Physicians and health care providers continue to improve quality of care, lower costs

CMS News
August 25, 2016
Contact: CMS Media Relations
(202) 690-6145 | CMS Media Inquiries

Affordable Care Act Accountable Care Organization initiatives put patients at the center of their care while generating more than $1.29 billion in total Medicare savings since 2012
The Centers for Medicare & Medicaid Services (CMS) today announced the 2015 performance year results for the Medicare Shared Savings Program and the Pioneer Accountable Care Organization Model that show physicians, hospitals, and health care providers participating in Accountable Care Organizations continue to make significant improvements in the quality of care for Medicare beneficiaries, while achieving cost savings. Collectively, Medicare Accountable Care Organizations have generated more than $1.29 billion in total Medicare savings since 2012.
“The coordinated, physician-led care provided by Accountable Care Organizations resulted in better care for over 7.7 million Medicare beneficiaries while also reducing costs,” said CMS Acting Administrator Andy Slavitt. “I congratulate these leaders and look forward to significant growth in the program in the coming year.”
In 2015, Medicare Accountable Care Organizations had combined total program savings of $466 million, which includes all Accountable Care Organizations’ experiences, for 392 Medicare Shared Savings Program participants and 12 Pioneer Accountable Care Organization Model participants. The results show that more Accountable Care Organizations shared savings in 2015 compared to 2014 and those with more experience tend to perform better over time.
Today’s results from the Medicare Shared Savings Program and the Pioneer Accountable Care Organization Model show significant improvements in the quality of care providers are offering to an increasing number of Medicare beneficiaries. Accountable Care Organizations are judged on their performance, as well as their improvement, on an array of meaningful metrics that assess the care they deliver. Those metrics include how highly patients rated their doctor, how well clinicians communicated, whether patients are screened for high blood pressure, and their use of Electronic Health Records.
All 12 participants in the Pioneer Accountable Care Organization Model improved their quality scores from 2012 to 2015 by more than 21 percentage points. Overall quality scores for nine out of 12 Pioneer participants were more than 90 percent in 2015.
Accountable Care Organizations in the Medicare Shared Savings Program also continued to show improvement, with Accountable Care Organizations that reported in both 2014 and 2015 improving on 84 percent of the quality measures that were reported in both years. Additionally, comparing 2014 and 2015 results, average quality performance improved by more than 15 percent on key preventive care measures including screening for risk of future falls, depression screening and follow-up, blood pressure screening and follow-up, and providing pneumonia vaccinations.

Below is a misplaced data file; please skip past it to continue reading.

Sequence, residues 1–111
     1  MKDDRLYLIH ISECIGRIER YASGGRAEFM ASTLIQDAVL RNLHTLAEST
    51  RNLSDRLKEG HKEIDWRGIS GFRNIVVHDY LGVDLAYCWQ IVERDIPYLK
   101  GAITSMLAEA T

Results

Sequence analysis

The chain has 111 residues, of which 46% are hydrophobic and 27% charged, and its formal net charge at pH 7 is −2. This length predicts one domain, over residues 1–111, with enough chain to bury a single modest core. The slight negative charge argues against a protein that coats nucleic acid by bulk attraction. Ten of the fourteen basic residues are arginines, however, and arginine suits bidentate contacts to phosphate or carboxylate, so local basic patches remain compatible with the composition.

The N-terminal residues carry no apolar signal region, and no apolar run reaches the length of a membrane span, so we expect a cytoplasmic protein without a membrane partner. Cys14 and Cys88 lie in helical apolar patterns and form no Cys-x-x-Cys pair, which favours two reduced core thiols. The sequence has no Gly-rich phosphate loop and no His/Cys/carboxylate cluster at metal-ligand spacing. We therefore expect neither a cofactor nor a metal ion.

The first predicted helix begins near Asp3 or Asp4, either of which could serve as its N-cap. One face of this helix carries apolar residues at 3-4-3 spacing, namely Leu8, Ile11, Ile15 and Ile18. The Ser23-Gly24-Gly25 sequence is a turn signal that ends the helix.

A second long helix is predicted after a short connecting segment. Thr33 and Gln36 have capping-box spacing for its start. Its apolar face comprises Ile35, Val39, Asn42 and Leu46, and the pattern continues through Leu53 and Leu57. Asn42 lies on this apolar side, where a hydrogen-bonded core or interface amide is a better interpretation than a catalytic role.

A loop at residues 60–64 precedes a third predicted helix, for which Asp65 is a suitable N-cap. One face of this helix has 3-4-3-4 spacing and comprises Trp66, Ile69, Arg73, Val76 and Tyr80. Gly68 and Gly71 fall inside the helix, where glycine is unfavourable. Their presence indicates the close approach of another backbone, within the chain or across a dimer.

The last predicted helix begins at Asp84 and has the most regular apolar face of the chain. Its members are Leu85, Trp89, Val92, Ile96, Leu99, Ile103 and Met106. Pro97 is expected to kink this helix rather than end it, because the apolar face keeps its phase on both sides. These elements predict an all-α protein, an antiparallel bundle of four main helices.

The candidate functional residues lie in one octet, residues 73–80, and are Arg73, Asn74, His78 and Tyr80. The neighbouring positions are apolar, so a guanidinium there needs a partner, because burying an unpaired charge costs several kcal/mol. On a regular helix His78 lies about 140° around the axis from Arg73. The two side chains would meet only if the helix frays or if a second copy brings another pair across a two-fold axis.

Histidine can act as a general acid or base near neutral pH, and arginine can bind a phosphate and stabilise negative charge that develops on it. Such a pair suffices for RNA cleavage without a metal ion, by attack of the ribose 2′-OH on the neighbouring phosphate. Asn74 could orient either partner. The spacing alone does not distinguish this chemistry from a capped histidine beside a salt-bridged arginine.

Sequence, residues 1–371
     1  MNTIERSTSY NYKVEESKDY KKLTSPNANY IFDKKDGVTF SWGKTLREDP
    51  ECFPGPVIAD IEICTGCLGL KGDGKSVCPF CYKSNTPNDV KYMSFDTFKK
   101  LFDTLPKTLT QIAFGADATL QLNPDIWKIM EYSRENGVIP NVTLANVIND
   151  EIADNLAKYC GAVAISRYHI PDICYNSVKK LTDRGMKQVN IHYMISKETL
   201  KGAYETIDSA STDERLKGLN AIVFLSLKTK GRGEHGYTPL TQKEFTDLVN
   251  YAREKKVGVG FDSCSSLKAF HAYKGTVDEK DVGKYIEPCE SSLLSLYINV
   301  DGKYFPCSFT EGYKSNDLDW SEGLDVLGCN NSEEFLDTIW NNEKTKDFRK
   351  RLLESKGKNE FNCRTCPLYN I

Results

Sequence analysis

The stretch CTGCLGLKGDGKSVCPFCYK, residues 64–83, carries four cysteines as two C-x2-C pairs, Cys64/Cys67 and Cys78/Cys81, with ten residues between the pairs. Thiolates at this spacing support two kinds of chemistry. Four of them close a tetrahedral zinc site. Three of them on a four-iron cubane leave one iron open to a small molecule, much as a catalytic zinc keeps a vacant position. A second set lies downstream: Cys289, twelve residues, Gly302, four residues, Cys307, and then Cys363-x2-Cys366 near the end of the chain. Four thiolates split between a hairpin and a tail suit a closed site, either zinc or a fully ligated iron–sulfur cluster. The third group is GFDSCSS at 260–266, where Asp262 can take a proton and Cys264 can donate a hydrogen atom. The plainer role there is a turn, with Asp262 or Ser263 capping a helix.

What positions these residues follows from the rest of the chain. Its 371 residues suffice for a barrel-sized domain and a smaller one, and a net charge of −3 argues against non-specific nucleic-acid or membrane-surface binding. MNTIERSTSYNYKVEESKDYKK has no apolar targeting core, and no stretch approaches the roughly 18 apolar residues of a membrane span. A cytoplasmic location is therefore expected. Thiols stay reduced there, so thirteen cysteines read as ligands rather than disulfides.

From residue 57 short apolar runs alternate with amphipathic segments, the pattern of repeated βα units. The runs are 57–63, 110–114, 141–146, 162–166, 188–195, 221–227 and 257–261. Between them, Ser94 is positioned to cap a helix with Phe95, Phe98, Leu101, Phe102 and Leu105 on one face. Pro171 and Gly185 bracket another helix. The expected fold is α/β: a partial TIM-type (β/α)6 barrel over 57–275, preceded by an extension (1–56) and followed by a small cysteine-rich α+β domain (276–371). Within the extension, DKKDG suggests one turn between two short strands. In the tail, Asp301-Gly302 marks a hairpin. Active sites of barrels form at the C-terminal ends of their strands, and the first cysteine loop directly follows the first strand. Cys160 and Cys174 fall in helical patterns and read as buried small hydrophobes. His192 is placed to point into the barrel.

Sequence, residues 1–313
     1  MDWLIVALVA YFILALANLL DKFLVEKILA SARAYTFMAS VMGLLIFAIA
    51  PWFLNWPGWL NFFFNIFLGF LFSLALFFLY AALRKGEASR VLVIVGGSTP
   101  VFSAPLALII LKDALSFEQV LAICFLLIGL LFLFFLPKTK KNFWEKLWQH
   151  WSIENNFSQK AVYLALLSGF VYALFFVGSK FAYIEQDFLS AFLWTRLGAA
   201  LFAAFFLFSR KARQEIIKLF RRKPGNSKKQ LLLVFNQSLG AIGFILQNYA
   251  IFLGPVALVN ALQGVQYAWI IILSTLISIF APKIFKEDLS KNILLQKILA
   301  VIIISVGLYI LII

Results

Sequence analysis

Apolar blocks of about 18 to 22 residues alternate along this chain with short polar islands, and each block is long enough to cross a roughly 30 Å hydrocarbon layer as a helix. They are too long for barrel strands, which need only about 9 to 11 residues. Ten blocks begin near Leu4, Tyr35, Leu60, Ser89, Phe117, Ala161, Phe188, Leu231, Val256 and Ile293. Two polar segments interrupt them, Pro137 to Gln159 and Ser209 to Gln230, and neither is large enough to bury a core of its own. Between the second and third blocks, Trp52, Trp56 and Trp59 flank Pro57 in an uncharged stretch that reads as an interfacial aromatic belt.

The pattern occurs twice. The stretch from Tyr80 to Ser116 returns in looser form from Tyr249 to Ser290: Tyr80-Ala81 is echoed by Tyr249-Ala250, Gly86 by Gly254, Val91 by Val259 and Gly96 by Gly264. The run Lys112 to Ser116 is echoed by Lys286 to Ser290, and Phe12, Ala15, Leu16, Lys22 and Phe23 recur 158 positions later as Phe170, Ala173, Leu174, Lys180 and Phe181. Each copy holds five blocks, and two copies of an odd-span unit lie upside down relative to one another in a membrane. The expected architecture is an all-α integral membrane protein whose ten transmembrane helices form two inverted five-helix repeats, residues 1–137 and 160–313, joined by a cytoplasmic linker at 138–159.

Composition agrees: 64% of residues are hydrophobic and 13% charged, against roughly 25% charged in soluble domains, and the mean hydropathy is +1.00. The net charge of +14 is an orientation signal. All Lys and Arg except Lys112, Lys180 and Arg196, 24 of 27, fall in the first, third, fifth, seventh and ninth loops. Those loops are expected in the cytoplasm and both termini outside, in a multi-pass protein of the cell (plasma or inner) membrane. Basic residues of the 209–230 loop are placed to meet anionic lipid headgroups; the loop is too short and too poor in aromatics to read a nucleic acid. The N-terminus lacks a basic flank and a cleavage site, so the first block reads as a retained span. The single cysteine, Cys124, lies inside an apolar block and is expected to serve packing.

By meeting quality performance standards and their savings threshold, 125 Accountable Care Organizations qualified for shared savings payments. Since the passage of the Affordable Care Act, more than 470 Medicare Accountable Care Organizations – serving nearly 8.9 million Medicare beneficiaries – have been established through the Medicare Shared Savings Program, the Pioneer Accountable Care Organization Model, the Next Generation Accountable Care Organization Model, and the Comprehensive End-Stage Renal Disease Care Model.
“Accountable Care Organization initiatives in Medicare continue to grow and achieve positive results in providing better care and health outcomes while spending taxpayer dollars more wisely,” said Dr. Patrick Conway, CMS Principal Deputy Administrator and Chief Medical Officer. “CMS continues to work and partner with providers across the country to improve the way health care is delivered in the United States.”
Accountable Care Organizations were created to change the incentives for how medical care is delivered and paid for in the United States, moving away from a system that rewards the quantity of services to one that rewards the quality of health outcomes. They are groups of doctors, hospitals, and other health care providers who voluntarily come together to develop and execute a plan for a patient’s care and share information, putting the patient at the center of the health care delivery system. In addition, under the proposed Quality Payment Program, health care providers that sufficiently participate in advanced tracks of Medicare Accountable Care Organizations may qualify for exemption from payment adjustments under the Merit-based Incentive Payment System, as well as the additional incentive payments available beginning in 2019 for participation in Advanced Alternative Payment Models.
The Affordable Care Act provides tools, such as Medicare Accountable Care Organizations, to move our health care system toward one that provides patients with high-quality, cost-effective care. Today’s announcement is part of the Administration’s broader strategy to improve the health care system by paying providers for what works, unlocking health care data, and finding new ways to coordinate and integrate care to improve quality. These efforts support the Administration’s goal to have 50 percent of traditional Medicare payments flowing through alternative payment models by 2018 (already, 30 percent of Medicare payments go through alternative models).
For more detailed information on the quality and financial results, please visit:

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